Memorial Tributes to Cedric

From Stephen on 23rd February 2006:

Those of you who met him will be saddened to hear of the death of Cedric Charles Dickens, great-grandson of Charles Dickens and steward of his legacy. Born September 24 1916, he died on February 11 2006 aged 89.

Extracts from Cedric's Obituary in The Times on February 22nd 2006:

"Cedric Dickens was the embodiment of one of his great-grandfathers most enduring and best-loved characters. He radiated bonhomie and charm and made friends all over the world in his long quest to promote the love of Charles Dickens' mighty oeuvre. Well hidden behind the benevolent and studiedly humbling persona, however, was a brilliant managerial brain. He greeted everyone with the same courtesy yet had the knack of getting people to do things they did not think they were going to do or even could do. He worked indefatigably to save the George and Vulture, the historic inn in the City which Charles Dickens used in his fiction as a frequent venue for Pickwick's peregrinations and in his own life as a favourite watering-hole. Cedric worked ceaselessly to preserve the heritage of Gad's Hill, now a girls' school and he was a firm ally of the house in Doughty Street, now a museum, where his great grandfather first lived as a young married man."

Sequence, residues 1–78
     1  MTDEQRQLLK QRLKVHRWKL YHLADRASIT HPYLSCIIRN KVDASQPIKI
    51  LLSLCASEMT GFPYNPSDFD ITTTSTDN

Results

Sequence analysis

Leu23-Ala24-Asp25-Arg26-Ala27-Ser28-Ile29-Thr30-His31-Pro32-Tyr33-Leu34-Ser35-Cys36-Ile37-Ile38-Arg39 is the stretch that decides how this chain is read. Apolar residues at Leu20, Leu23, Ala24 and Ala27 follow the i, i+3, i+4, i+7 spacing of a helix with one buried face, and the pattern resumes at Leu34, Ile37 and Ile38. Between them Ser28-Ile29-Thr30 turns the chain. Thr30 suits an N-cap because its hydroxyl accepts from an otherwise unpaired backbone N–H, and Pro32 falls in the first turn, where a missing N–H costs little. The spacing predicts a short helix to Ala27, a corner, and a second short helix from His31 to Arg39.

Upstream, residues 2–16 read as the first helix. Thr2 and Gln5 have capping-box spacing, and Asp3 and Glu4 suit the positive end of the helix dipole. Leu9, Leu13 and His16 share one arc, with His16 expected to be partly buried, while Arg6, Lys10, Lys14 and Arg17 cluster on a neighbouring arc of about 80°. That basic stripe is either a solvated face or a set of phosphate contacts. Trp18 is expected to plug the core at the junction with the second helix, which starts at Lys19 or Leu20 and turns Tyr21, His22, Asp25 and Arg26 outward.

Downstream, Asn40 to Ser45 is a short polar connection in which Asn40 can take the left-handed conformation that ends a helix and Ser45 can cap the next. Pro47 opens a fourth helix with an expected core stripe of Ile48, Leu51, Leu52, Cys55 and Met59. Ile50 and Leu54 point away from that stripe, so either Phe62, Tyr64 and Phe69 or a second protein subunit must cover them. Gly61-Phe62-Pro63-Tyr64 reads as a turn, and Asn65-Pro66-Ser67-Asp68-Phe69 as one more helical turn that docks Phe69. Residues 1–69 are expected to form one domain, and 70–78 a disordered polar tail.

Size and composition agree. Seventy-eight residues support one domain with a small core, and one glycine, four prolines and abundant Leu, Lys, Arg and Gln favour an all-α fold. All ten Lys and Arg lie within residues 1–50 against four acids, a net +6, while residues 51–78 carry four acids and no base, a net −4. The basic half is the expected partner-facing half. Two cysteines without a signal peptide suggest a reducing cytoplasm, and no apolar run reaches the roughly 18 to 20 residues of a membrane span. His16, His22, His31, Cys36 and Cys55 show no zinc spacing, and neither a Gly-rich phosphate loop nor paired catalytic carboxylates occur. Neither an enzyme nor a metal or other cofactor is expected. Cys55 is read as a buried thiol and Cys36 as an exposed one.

This, of course, is the venue where our Club members had the privilege of meeting this charming man. (I thought his charm had a touch of the actor Leslie Phillips about him.) At the age of 86, due to Peace Marchers and traffic problems, he had to cross London from Doughty Street to Paddington Station on foot, as I am sure his great-grandfather would have done. He did it with good cheer and a few days later flew off to Philadelphia where the only full statue of Dickens exists.

"So deep is the affection felt for Cedric in America that the Philadelphia Pickwick Club is to hold its own memorial service in April. At the last dinner he attended in December Cedric was his in usual roaring form. He asked for the usual silence for those members who had "gone ahead to the great tavern where we shall all meet again". Later he remarked - in an aside - that he would not be with them at the next annual dinner. But he knew it would go on as ever, spreading and celebrating what he called, in the last of his five books, The Miracle of Pickwick."

From Marilyn on 23rd February 2006:

I once read that Charles Dickens would sometimes hike 20-30 miles to overcome bouts of depression. When I asked Cedric about this at the Dickens Event, he was uncertain whether his great-grandfather went quite that far but did regularly walk the ten-mile round trip to The Leather Bottle Inn from his home at Gad’s Hill Place on the North Kent coastline. Charles also thought that the seven-mile walk from nearby Rochester to Maidstone was one of the most beautiful in England.

After a few moments with him, Cedric came across as the sort of person you could have known all your life. He seemed genuinely touched when Stephen put down a plate of buffet food for him saying, “Oh! that looks nice.” He had probably set off from his home in Sherborne at around 9am for a 12 noon start, it was then about 2.30pm and he must have been very hungry.

There is a charming vignette in The Times obituary about him falling off his bicycle when he first saw his future wife, who was driving a truck as a WREN in World War 2. She helped him get up. Trust Cedric to find an original chat-up line! The Times goes on to say that it was a radiantly happy marriage lasting 58 years.